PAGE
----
A staple of science fiction, an exoskeleton is a powered frame that attaches to the body to provide support and strength. The movie Live, Die Repeat: Edge of Tomorrow featured combat exoskeletons as does the video game Call of Duty: Infinite Warfare. These fictional devices allow combatants to run faster and longer while carrying heavier loads, giving them an advantage in combat. There are also peaceful applications of the technology, such as allowing people with injuries to walk and augmenting human abilities for the workplace. For those concerned with fine details of nerdiness, exoskeletons should not be confused with cybernetic parts (these fully replace body parts, such as limbs or eyes) or powered armor (like that used in the novel Starship Troopers and by Iron Man).
As with almost any new technology, the development of exoskeletons raises some ethical questions. Fortunately for addressing these questions, humans have been using technological enhancements since we started being human, so this is old and familiar territory. Noel Sharkey raises one moral concern, namely that “You could have exoskeletons on building sites that would help people not get so physically tired, but working longer would make you mentally tired and we don’t have a means of stopping that.” His proposed solution is an exoskeleton that switches off after six hours.
This same sort of problem arose, obviously enough, when humans developed much earlier technology that allowed people to work physically for a long time. For example, the development of factory and farming equipment allowed people to do what was once heavy labor with far greater ease, enabling them to work even longer hours. Technology has made the labor even easier—for example, a worker can drive a high-tech farm combine as easily as driving a car. Closer analogies to exoskeletons include such things as fork-lifts and cranes: a person can operate those to easily lift heavy loads that would exhaust (or be impossible for) people just using their muscles. As such, Sharkey’s concern would also apply to the forklift—a person could drive one around for six hours and not be very tired physically, yet mentally tired. As such, whatever moral solutions that apply to the problem of forklifts would also apply to exoskeletons.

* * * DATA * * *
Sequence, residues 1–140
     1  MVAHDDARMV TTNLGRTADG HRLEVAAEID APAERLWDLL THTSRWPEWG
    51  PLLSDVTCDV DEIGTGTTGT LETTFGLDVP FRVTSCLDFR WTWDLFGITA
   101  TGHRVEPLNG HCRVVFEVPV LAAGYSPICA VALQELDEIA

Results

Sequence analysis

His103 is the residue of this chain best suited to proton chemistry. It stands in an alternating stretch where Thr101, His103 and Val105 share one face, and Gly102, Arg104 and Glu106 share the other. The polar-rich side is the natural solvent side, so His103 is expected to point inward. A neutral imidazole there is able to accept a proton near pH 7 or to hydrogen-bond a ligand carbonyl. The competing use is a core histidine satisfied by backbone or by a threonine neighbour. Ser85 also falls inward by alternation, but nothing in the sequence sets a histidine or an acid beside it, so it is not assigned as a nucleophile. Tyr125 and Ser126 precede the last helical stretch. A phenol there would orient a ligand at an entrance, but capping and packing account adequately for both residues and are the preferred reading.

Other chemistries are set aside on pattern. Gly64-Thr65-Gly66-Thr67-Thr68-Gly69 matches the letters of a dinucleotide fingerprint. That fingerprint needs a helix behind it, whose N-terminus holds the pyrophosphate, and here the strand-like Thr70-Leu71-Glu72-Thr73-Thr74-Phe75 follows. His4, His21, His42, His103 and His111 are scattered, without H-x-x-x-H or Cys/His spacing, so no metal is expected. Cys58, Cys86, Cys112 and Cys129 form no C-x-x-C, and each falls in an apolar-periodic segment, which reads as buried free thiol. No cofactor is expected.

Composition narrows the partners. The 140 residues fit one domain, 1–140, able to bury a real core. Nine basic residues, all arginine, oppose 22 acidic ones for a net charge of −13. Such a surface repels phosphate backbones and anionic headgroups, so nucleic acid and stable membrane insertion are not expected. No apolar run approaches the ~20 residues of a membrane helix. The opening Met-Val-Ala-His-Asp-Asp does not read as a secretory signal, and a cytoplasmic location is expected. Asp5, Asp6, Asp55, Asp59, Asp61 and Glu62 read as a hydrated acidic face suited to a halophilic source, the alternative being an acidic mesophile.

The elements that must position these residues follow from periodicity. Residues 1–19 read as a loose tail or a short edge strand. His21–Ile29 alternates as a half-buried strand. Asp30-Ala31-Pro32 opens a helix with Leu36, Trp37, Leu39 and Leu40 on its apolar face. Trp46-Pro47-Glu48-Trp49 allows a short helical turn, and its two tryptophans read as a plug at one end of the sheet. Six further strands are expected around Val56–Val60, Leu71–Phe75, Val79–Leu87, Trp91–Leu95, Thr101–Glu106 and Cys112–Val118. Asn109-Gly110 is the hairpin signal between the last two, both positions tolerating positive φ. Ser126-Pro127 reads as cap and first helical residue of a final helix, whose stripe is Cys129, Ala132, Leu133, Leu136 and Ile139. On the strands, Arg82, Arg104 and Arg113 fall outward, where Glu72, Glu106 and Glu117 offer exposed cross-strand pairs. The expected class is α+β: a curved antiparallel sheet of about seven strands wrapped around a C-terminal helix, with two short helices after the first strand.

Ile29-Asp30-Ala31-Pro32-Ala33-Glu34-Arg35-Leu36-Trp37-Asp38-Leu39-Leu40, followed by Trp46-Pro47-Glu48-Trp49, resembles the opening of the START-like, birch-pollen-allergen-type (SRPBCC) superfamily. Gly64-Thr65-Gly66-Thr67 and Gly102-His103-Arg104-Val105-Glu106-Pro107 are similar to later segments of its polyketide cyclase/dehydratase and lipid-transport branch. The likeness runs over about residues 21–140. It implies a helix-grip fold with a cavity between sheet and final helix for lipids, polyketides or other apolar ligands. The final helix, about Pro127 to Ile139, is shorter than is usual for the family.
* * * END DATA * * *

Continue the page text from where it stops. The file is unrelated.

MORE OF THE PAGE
Mental overwork is also, obviously enough, not a problem limited to exoskeletons in particular or technology in general. After all, many jobs today are not very physically tiring, and people can keep at writing legal briefs, teaching classes and managing workers to the point that they are mentally exhausted but not physically exhausted.
For those who consider such overwork to be undesirable, the solution lies in workplace regulation or the hope that employers will do the right thing on their own. If there were not regulations protecting workers from being overworked, in the future employers would presumably simply either buy exoskeletons without timers or develop work-arounds, such as resetting timers.
Also, exoskeletons themselves do not get tired, so putting a timer on an exoskeleton would be like putting a use timer on a forklift at a warehouse. Doing so would reduce the value of the equipment, since it could not be used by multiple shifts. As such, that sort of timer system would be unfair to the employers—they would be paying for equipment that could be used round the clock, but only able to use it for a limited time each day. Of course, there could be a system in place so that the timer is linked to the worker—the exoskeleton would still work for a worker that had not worked six hours. This, however, still creates some obvious problems about incorporating work limits into hardware rather than by using regulation and policy about the limits of work. In any case, while exoskeletons would be new in the workplace, they would not add anything new to the moral landscape—technology that allows workers to be mentally overworked while not being physically overworked is nothing new and existing solutions can be applied when exoskeletons become part of the workplace, just as was done when forklifts were introduced.